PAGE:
A young black man was brutalized by police in the Canarsie neighborhood of Brooklyn on the night of March 4, after he was (supposedly) caught toking. The ugly incident was caught on video by a passer-by, and has gone viral. Amid public outrage, the New York Police Department has opened an investigation. But the affair opens fresh wounds over the seemingly intractable problem of racist pot enforcement in Gotham City.
Asking for Justice
In the chilling video, the man is initially accosted by a plainclothes officer as he was leaving a park. The undercover cop does not seem to identify himself as a police officer, and repeatedly refuses to answer the man’s questions about why he is being stopped and whether he is free to leave.
The witness who took the video stated on Twitter: “I’m walking home from work and this undercover cop was holding this man. The guy asked for the cop to identify himself, he ignore that. He asked what crime he commit, he ignore that too. I pulled out my phone.”
At about 40 seconds into the video, close to a dozen uniformed officers swarm in, tackle the young man to the ground, and begin kicking and punching him, oblivious to his screams. “Help me!” the man cries. “I am not resisting!”
The incident turned out to be all about cannabis. An NYPD spokesperson told Gothamist the man was stopped because officers saw “two males inside the park smoking a lit marijuana cigarette and as the officers approached the individuals they fled the location.”
Police commissioner Dermot Shea told the New York Post that the young man, identified as 20-year-old Fitzroy Gayle, faces several charges, including unlawful possession of marijuana and resisting arrest.
Two days later, Gayle (who had no prior arrests) and his mother spoke at a press conference organized by National Action Network, a citizens’ group in New York that has often stood up for victims of police abuse.
“All I want is justice for my son, he was treated like less than an animal,” Daphne Gayle, 58, said of her son Fitzroy, according to the New York Post.
“Something has to be changed, because there’s something wrong,” the mom said after meeting with a member of Mayor Bill de Blasio’s administration in Manhattan. “This is a nightmare, we are all in a nightmare.”
“It was absolutely not appropriate,” said the witness who took the video, who declined to be named while speaking to Gothamist. “If [he] was allegedly smoking then why didn’t the cop identify himself while he was wearing street clothes. Why did the cop not answer what crime he committed? And why did eight cops have to force him to the ground (while kneeing and stomping him)?”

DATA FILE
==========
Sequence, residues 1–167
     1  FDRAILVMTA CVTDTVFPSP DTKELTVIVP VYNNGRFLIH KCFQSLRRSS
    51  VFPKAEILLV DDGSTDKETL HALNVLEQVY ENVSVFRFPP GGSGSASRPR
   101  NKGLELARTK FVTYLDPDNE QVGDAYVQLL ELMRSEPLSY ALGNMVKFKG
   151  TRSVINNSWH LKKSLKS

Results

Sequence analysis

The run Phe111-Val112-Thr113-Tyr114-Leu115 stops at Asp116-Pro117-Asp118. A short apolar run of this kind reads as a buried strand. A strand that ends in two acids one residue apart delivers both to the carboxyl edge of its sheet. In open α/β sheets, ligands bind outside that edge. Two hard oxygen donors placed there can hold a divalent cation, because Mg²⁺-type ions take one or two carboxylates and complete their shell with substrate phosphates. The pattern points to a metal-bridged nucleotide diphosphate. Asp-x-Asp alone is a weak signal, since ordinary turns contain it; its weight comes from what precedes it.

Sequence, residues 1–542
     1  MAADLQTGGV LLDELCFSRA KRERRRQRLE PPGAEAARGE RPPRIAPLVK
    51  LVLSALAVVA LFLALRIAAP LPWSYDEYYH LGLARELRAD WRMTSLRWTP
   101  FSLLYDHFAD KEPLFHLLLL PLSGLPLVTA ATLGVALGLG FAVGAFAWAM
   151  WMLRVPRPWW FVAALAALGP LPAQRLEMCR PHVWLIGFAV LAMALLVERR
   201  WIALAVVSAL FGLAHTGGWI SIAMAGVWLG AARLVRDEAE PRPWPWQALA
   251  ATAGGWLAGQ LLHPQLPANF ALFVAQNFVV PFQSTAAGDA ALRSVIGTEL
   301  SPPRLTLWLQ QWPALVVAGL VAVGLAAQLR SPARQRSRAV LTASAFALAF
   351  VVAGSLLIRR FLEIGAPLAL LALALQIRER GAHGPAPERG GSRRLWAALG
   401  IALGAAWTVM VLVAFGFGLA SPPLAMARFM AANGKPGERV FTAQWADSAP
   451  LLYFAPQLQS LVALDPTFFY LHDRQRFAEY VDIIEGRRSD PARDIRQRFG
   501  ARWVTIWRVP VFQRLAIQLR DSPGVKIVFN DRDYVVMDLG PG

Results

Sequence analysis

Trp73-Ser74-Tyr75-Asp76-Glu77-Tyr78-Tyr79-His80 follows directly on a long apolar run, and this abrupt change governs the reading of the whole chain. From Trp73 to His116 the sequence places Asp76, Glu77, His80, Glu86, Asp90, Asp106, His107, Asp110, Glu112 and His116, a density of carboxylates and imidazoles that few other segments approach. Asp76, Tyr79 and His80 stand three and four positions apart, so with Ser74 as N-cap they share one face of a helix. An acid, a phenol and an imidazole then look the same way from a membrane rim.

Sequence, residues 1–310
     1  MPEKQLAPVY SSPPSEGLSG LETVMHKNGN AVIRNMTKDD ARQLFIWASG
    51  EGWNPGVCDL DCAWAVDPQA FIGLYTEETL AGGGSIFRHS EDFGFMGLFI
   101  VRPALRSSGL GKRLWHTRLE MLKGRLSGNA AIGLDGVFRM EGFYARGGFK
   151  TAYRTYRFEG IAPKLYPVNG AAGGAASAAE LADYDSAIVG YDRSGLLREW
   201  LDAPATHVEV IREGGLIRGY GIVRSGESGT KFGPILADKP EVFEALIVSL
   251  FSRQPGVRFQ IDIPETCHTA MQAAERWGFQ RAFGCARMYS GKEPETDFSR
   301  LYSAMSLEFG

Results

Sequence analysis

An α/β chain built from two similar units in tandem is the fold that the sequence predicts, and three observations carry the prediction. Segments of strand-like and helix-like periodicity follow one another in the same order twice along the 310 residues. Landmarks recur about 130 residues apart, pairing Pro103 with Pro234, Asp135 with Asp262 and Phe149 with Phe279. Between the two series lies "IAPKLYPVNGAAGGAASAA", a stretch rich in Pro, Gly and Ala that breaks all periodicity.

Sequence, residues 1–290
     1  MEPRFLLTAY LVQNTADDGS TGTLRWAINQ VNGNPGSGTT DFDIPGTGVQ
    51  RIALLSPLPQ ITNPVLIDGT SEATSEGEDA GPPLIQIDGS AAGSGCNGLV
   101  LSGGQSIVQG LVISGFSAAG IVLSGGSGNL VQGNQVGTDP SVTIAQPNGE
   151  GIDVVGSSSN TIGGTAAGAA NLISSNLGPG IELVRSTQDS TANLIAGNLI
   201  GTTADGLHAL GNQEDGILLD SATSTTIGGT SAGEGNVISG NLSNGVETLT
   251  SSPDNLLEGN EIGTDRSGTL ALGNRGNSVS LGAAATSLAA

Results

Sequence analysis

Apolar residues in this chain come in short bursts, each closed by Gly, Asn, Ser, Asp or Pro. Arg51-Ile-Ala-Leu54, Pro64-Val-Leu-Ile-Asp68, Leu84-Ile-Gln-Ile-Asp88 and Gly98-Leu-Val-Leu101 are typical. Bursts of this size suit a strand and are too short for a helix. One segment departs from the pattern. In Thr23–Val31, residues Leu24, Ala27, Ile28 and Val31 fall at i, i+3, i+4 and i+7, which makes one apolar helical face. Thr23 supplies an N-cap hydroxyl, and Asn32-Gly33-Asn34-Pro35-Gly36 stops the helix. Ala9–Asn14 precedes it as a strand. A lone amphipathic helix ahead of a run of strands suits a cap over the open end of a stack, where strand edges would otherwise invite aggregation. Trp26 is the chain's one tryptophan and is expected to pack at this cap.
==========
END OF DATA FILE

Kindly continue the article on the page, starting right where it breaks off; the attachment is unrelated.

Gothamist also quoted several city activists who were aghast at the incident. Anthony Posada, supervising attorney of the Community Justice Unit at the Legal Aid Society, said the brutality was a result of New York’s failure to fully legalize cannabis.
“If cops can continue to use the odor or presence of marijuana as justification for stops, this is what happens: dehumanizing, aggressive policing tactics in which people’s lives are at stake,” Posada told Gothamist. “This young man is going to be scarred for life.”
Intractable Problem of Racist Pot Enforcement
What’s particularly frustrating about the affair for Big Apple activists is that under the new city policy, cops aren’t even supposed to make pot arrests anymore.
New York City had been the marijuana arrest capital of the nation under Mayor Rudolph Giuliani, and there have certainly been big improvements since then. The turning point year was 2014, when de Blasio took office and instructed the NYPD to issue summonses rather than make arrests for cannabis possession. That same year, the Brooklyn district attorney announced a new policy of declining to prosecute small-scale cannabis offenses. This was hailed as a de facto decrminalization in the borough. The Manhattan DA followed suit in 2018. And last year, de Blasio ordered the no-arrest policy to be extended to public smoking.
Marijuana arrests in the city have been slashed nearly in half under the new policy. But arrests do continue under “carve-outs” in the policy, such as if the suspect is deemed a nuisance, or has no ID, or is on parole. And the racial disparity has continued too. Upwards of 90% of those arrested for pot in the city continue to be black or Latino. The same disparity exists in summonses for marijuana possession.
The NYPD says in its defense that it is responding to complaints about public smoking, with arrests occurring in the neighborhoods where the complaints are lodged. But when the Daily News crunched the NYPD’s own stats on the question in February 2018, it found that was not true.
NYPD Still Under Federal Monitor
And abuses such as the one in Canarsie continue despite a federal monitor that has been appointed to oversee the NYPD, following a legal challenge over the controversial “stop-and-frisk” policy of the Giuliani and Michael Bloomberg administrations.
In August 2013, federal District Judge Shira Scheindlin in Manhattan ruled the stop-and-frisk policy unconstitutional and also noted the skewed racial disparity in the policy. Over the past decade, the NYPD had conducted about 5 million stop-and-frisks, with more than 80% of those targeted black or Latino.
Scheindlin appointed an attorney, Peter Zimroth, as a monitor over the NYPD’s efforts to correct the practice. Zimroth has since been documenting the Department’s progress, and filing public reports. But, as Gothamist notes, he has not yet deemed the NYPD’s practices in stopping suspects to be in compliance with the Constitution and the department is likely to be under the monitor’s watch for years to come.
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